I’ve been thinking a lot about what it means to be beloved, broken, bearers of God’s love.
This wondering has come up for me because of the conference I attended last week, but also because of our upcoming education series.This coming Sunday we begin our next series in our Sunday morning adult education. For February, our sessions are titled “Faith, Scripture, & #metoo”.
Part of our study will be looking at the ECLA’s in-progress social statement on Women & Justice, and we’ll be diving into difficult scripture texts, our faith experiences, and the recent #metoo movement.
It’s going to be a big topic. And honestly we only have three Sundays to work with this complex issue.
But three days is a start.
And it’s a start that we need.
During the conference I attended last week, I was reminded of Martin Luther’s understanding of humanity. Luther understood that we as humans are simultaneously beloved, broken, and bearer’s of God’s love.
And that sometimes the truth of this understanding for us can be difficult to hold. As children of God, we receive God’s love for us. We are beloved because we are loved by our Creator.
Even when we don’t deserve it. Maybe especially when we don’t deserve it. God still calls us God’s own beloved children.
Bearers of Love
It’s because of this love that we are called to be bearer’s of God’s love – to hold God’s love, to share God’s love with our neighbor. John’s first letter reminds us that it’s only because we have been loved that we are able to love. This is the love that we are called to share with those around us.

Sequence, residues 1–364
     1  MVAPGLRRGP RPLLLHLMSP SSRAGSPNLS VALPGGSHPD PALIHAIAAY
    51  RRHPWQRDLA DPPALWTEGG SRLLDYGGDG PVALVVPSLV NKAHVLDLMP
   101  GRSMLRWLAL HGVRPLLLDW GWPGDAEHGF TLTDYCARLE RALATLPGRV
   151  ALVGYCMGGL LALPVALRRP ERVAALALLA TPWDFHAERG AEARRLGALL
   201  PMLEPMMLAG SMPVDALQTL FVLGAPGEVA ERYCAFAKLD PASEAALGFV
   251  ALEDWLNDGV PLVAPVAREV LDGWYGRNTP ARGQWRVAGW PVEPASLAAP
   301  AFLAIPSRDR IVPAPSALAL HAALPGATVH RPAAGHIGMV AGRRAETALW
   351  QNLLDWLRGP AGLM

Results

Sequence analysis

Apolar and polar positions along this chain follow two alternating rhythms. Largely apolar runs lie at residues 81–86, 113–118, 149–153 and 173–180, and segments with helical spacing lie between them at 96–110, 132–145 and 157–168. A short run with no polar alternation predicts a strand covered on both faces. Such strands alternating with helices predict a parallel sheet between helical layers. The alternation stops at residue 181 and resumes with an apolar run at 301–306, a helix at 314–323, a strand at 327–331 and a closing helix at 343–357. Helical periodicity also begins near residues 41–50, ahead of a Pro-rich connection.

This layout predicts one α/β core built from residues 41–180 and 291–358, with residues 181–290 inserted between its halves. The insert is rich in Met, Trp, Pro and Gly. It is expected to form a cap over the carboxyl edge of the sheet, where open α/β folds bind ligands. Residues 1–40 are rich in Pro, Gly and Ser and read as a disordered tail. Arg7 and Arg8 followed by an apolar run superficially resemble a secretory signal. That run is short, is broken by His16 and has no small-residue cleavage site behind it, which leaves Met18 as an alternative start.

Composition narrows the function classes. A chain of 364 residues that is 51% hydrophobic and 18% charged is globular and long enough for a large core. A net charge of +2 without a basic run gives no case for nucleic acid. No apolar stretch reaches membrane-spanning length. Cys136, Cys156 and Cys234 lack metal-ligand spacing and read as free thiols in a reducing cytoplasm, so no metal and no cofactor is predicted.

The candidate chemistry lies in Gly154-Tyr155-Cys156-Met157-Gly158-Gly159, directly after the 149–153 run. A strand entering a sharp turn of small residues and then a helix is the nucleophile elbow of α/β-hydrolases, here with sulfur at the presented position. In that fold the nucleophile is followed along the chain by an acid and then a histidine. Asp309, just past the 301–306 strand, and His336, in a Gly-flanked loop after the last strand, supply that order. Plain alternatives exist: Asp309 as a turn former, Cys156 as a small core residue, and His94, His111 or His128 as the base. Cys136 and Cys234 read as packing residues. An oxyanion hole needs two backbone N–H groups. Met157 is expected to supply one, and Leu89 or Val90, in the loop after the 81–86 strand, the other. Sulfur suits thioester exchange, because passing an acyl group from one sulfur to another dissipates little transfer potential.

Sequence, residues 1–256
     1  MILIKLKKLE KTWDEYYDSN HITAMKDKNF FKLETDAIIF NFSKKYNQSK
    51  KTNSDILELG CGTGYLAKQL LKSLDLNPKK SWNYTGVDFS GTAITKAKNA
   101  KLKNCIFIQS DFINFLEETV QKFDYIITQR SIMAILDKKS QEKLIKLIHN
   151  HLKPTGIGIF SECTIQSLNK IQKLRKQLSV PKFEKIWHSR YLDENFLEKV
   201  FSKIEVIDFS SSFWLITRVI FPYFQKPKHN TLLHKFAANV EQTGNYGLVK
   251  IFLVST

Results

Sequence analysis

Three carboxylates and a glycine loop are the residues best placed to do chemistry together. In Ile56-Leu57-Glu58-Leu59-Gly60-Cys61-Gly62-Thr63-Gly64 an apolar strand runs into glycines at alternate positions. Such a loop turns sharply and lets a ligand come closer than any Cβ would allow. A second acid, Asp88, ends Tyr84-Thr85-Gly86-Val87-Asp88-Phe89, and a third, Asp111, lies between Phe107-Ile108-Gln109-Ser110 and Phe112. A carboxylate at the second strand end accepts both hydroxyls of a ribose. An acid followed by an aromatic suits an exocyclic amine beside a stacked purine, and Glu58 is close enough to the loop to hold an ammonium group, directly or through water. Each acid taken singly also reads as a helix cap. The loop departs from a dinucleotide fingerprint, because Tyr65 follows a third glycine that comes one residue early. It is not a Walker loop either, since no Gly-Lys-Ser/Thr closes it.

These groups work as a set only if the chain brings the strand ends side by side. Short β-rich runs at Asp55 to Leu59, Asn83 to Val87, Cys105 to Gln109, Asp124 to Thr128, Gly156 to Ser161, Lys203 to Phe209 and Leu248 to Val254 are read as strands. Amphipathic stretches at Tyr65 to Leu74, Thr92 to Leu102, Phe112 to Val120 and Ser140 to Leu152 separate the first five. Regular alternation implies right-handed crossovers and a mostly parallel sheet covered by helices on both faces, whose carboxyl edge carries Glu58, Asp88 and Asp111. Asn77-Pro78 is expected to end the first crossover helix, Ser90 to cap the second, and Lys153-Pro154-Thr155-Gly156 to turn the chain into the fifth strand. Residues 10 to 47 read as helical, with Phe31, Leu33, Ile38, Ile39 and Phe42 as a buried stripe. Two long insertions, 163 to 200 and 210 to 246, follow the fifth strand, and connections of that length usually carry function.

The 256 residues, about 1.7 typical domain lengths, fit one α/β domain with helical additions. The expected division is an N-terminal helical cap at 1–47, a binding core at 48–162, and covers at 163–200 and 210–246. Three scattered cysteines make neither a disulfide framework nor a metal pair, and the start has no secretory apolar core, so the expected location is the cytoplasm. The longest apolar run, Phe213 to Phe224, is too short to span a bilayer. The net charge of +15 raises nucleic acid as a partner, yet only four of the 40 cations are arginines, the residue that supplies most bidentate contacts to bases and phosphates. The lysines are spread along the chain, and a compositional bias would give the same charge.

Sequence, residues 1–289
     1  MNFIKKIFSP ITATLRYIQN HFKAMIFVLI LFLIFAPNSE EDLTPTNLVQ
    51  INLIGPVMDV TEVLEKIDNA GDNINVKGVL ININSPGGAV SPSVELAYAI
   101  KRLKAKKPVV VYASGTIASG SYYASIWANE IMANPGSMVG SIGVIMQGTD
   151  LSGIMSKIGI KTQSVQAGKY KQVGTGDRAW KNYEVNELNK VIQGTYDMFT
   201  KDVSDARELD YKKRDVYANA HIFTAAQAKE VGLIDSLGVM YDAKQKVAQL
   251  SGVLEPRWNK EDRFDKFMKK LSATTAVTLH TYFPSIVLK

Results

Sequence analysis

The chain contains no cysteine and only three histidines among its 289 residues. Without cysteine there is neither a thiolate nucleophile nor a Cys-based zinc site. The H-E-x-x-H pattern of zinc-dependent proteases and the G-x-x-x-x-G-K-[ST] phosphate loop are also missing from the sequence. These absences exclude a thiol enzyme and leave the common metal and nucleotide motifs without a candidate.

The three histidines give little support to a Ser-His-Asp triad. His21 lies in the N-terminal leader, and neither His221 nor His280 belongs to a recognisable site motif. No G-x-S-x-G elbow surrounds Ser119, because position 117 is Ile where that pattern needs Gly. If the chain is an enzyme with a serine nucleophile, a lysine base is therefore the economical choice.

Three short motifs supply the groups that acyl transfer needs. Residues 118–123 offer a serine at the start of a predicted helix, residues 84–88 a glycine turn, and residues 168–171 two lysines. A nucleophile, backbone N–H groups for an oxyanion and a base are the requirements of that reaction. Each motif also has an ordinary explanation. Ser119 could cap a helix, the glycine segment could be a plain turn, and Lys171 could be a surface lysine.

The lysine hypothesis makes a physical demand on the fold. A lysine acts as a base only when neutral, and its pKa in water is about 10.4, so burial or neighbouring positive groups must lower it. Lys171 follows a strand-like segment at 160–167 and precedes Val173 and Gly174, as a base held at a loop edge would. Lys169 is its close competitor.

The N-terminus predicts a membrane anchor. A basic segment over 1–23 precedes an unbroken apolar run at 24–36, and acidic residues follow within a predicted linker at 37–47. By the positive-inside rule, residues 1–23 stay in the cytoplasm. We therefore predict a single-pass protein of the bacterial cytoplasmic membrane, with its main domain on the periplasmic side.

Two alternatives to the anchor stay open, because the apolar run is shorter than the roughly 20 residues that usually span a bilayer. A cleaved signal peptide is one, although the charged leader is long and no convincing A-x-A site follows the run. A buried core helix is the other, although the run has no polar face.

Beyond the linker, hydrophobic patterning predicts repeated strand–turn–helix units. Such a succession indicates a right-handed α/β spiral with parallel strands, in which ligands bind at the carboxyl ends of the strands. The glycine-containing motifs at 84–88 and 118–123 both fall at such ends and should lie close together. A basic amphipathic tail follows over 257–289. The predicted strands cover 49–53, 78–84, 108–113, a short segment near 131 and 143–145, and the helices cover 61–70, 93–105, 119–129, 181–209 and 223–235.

Because we carry this love with us – this love that we are given. And as people of faith, we represent God’s love to those we meet. And sometimes that’s a scary thought. Because we don’t always represent God’s love very well.
Sometimes our brokenness gets in the way for us. Sometimes this is the reality of violence, mental illness, or plain evil that causes harm to others. As part of our study we’ll be looking not just at our understandings around victims of harassment, assault, and violence, but the perpetrators too.
In some cases, we might have experiences as both a victim and as someone who victimizes. As broken people, our brokenness can sometimes harms others.
But even in our brokenness, even as we begin to dive into difficult and painful topics, there is hope. Because even in our brokenness, whether that be the brokenness placed upon us by the actions of another person, or our own actions that break us apart. Even in our brokenness, God still sees us, God still sees you. And God still calls you beloved. God still entrusts you with the call to share God’s love with the world.
God has that much faith in you, in us, and as I think about my beloved, broken, bearer self, I give thanks to God for the love and the forgiveness I am given, and I pray for God to be with us in all the conversations we have yet to come.
How have you experienced being beloved by God? How have you experienced your own brokenness? What ways might you bear God’s love to the world this week?